Work Setting #1: Intensive care units

Graduates of internal medicine nurse practitioner programs are a common sight in ICUs. They conduct intake assessments, order labs, screenings, and other diagnostic tests, communicate with other healthcare team members, and develop treatment plans. Depending upon the extent of their training, internal medicine nurse practitioners may also be charged with carrying out procedures like central line placements, chest tube placements, and even endotracheal intubations.

Work Setting #2: Ambulatory care clinics

Internal medicine nurse practitioners often take on supervisory roles at ambulatory care clinics. Additionally, they help triage to see if patients’ illnesses or injuries are serious enough to be transferred to an emergency room or intensive care unit. Internal medicine NPs provide monitoring for patients who come in with multiple symptoms. They’re also typically the lead on any follow-up the clinic may do with patients.

Work Setting #3: Long-term care facilities

When they work in long-term care facilities, internal medicine nurse practitioners frequently take on case manager roles. They supervise clients' medical treatment and are the primary communication conduit with the medical director (who is most likely a physician) and other attending physicians. Internal medicine NPs oversee all admissions and discharges. They also ensure that long-term care facilities comply with the regulations necessary for continuing accreditation.


Starting Salary For Internal Medicine Nurse Practitioners


Internal medicine nurse practitioners just starting out in the field earn $94,300 a year, which works out to $45.34 an hour, $1,813 a week, or $7,860 a month.

Hourly $45.34
Weekly $1,813
Monthly $7,860
Annual $94,300
(Source: Nursingprocess.org)


Average Salary For Internal Medicine Nurse Practitioners


Experienced internal medicine nurse practitioners make $134,620 annually, which amounts to $64.72 hourly, $2,589 weekly, or $11,220 monthly. This is a salary increase of 43 percent over the average salary for internal medicine NPs when they are first starting out.

Hourly $64.72
Weekly $2,589
Monthly $11,220
Annual $134,620
(Source: Nursingprocess.org)


My Final Thoughts


This article presented an in-depth look at what internal medicine nurse practitioner programs are currently available. As you’ve seen, there aren’t many—and that’s because internal medicine nurse practice is a relatively new practice field. It’s an excellent professional path for APRNs interested in mastering the specialized skill sets necessary for managing patients with undifferentiated or multi-system disease processes. In the future, you can expect to see many more than 3 internal medicine nurse practitioner programs.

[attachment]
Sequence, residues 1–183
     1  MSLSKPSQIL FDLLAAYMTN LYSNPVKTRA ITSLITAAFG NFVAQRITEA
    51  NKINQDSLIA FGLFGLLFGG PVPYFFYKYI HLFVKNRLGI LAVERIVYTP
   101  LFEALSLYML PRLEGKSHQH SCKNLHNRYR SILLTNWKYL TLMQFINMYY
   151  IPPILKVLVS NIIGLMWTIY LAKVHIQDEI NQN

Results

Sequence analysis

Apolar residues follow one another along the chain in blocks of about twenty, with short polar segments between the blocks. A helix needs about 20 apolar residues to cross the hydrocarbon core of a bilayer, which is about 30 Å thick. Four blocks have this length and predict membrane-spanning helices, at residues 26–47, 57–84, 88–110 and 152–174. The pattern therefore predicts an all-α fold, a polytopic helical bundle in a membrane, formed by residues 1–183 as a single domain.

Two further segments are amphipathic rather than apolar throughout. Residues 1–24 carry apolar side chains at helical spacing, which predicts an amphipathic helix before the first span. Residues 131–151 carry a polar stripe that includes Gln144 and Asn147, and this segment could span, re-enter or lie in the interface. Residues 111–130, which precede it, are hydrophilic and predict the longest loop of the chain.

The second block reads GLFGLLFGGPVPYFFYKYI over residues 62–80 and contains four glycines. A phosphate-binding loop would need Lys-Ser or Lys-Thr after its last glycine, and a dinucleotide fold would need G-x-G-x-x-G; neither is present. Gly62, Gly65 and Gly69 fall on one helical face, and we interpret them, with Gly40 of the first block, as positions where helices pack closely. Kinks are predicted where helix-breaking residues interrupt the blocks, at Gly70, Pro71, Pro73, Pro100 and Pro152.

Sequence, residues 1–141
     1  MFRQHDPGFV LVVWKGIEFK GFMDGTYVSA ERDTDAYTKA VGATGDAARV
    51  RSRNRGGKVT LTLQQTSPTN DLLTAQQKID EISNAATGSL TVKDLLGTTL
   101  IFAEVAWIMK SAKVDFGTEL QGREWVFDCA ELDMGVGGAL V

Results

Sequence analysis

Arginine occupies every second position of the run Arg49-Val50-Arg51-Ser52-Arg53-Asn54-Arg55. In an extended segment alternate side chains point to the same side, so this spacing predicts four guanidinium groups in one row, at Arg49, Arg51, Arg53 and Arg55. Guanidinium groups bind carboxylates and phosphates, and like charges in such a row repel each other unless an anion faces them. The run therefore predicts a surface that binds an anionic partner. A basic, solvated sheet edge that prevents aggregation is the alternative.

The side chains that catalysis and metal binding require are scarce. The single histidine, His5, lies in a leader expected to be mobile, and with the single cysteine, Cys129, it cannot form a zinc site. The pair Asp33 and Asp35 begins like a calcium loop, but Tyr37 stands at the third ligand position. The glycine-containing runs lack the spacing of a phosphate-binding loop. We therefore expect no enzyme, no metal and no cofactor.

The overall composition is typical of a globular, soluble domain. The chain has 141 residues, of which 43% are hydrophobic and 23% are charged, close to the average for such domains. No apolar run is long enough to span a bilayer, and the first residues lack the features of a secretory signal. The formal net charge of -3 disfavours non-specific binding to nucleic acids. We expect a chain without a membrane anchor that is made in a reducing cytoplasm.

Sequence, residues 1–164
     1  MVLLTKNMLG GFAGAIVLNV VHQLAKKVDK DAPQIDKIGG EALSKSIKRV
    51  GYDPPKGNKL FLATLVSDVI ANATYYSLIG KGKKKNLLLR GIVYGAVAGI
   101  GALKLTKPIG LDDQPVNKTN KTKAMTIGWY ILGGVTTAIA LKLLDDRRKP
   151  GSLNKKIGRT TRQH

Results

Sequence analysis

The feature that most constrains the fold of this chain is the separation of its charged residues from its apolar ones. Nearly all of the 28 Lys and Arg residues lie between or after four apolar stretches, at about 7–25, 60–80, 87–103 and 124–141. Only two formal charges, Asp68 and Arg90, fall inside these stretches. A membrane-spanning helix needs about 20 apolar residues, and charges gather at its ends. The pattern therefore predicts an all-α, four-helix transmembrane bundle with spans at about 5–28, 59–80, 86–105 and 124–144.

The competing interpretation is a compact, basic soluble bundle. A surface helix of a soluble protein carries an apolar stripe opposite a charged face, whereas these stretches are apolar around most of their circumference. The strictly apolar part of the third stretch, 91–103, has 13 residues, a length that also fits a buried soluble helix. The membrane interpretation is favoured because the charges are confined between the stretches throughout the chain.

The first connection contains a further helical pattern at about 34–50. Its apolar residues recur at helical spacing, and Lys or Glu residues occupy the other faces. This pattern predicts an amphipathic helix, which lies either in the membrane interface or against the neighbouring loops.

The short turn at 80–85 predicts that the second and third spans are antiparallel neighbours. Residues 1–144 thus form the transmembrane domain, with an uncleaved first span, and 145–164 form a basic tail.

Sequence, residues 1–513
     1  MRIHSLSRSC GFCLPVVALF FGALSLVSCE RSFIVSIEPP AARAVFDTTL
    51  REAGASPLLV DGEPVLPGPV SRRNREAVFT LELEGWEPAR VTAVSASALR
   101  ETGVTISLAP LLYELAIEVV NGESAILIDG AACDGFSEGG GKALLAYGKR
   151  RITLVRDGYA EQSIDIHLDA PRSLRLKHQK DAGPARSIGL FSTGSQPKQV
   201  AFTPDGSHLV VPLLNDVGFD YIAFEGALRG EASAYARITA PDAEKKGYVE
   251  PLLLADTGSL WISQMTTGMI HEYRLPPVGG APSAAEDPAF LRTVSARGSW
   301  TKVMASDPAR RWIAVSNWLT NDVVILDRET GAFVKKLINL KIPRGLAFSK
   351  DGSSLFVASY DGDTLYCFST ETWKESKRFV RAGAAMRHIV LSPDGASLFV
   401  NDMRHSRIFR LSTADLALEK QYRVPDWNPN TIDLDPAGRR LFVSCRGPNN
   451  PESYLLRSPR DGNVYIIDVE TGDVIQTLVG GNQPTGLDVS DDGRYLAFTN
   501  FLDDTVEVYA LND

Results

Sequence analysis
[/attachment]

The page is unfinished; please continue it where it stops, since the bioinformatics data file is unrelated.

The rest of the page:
Frequently Asked Questions Answered


1. On Average, How Much Do Internal Medicine Nurse Practitioners Make Per Hour?

Internal medicine nurse practitioners average $64.72 an hour.

Salary Per Hour
$64.72


2. On Average, How Much Do Internal Medicine Nurse Practitioners Make Per Week?

In a week, internal medicine nurse practitioners can expect to earn $2,589.

Salary Per Week
$2,589


3. On Average, How Much Do Internal Medicine Nurse Practitioners Make Per Month?

The monthly salary of an internal medicine nurse practitioner is $11,220.

Salary Per Month
$11,220


4. On Average, How Much Do Internal Medicine Nurse Practitioners Make Per Year?

You’ll average $134,620 annually as an internal medicine nurse practitioner.

Salary Per Year
$134,620


5. What Are The 10 Highest Paying States For Internal Medicine Nurse Practitioners?

The Northeast and the Pacific Coast hold the most lucrative employment opportunities for internal medicine nurse practitioners. With an average salary of $170,740 a year, California is the highest-paying state for internal medicine nurse practitioners, and Washington State and Oregon also pay salaries that are significantly higher than average. New Jersey, New York State, Massachusetts, and Connecticut all represent the Northeast on the top 10 list.

RankHighest Paying States
StateAverage Annual Salary
1California$170,740
2New Jersey$154,670
3New York$152,750
4Massachusetts$149,760
5Oregon$147,110
6Nevada$147,090
7Washington$146,400
8Connecticut$141,970
9New Mexico$139,890
10Hawaii$138,540


6. What Are The 10 Highest Paying Cities For Internal Medicine Nurse Practitioners?

Except for the Greater Metropolitan New York City Area, the cities that pay internal medicine nurse practitioners the highest salaries are all in California. Partly this is because internal medicine NPs primarily work in hospital settings, and the Golden State has more than 500 hospitals. But partially this is because California is one of the most expensive states in the U.S. to live in with a cost of living that’s 50 percent higher than the cost of living throughout the U.S. as a whole. If California employers didn’t compensate internal medicine NPs so highly, those NPs might not be able to afford to live in the Golden State.

RankHighest Paying Cities
CityAverage Annual Salary
1San Jose-Sunnyvale-Santa Clara, CA$215,550
2San Francisco-Oakland-Hayward, CA$205,220
3Napa, CA$204,270
4Vallejo-Fairfield, CA$195,420
5New York-Newark-Jersey City, NY-NJ-PA$183,900
6Yuba City, CA$174,580
7Sacramento--Roseville--Arden-Arcade, CA$170,390
8San Luis Obispo-Paso Robles-Arroyo Grande, CA$170,050
9Salinas, CA$169,430
10El Centro, CA$164,520


Pattie Trumble, MPP, MPH
Pattie Trumble is a nurse who worked in both California and New York for many years as an emergency room nurse. She holds a Bachelor’s Degree in Economics from the University of California, Berkeley, and an Associate Degree in Nursing from the Samuel Merritt Hospital School of Nursing. After 10 years of providing direct care, she went back to school and earned concurrent Master’s degrees in both public policy and public health from the University of California, Berkeley. Thereafter, she worked for various public health agencies in California at both the community and state levels providing economic and legislative analysis.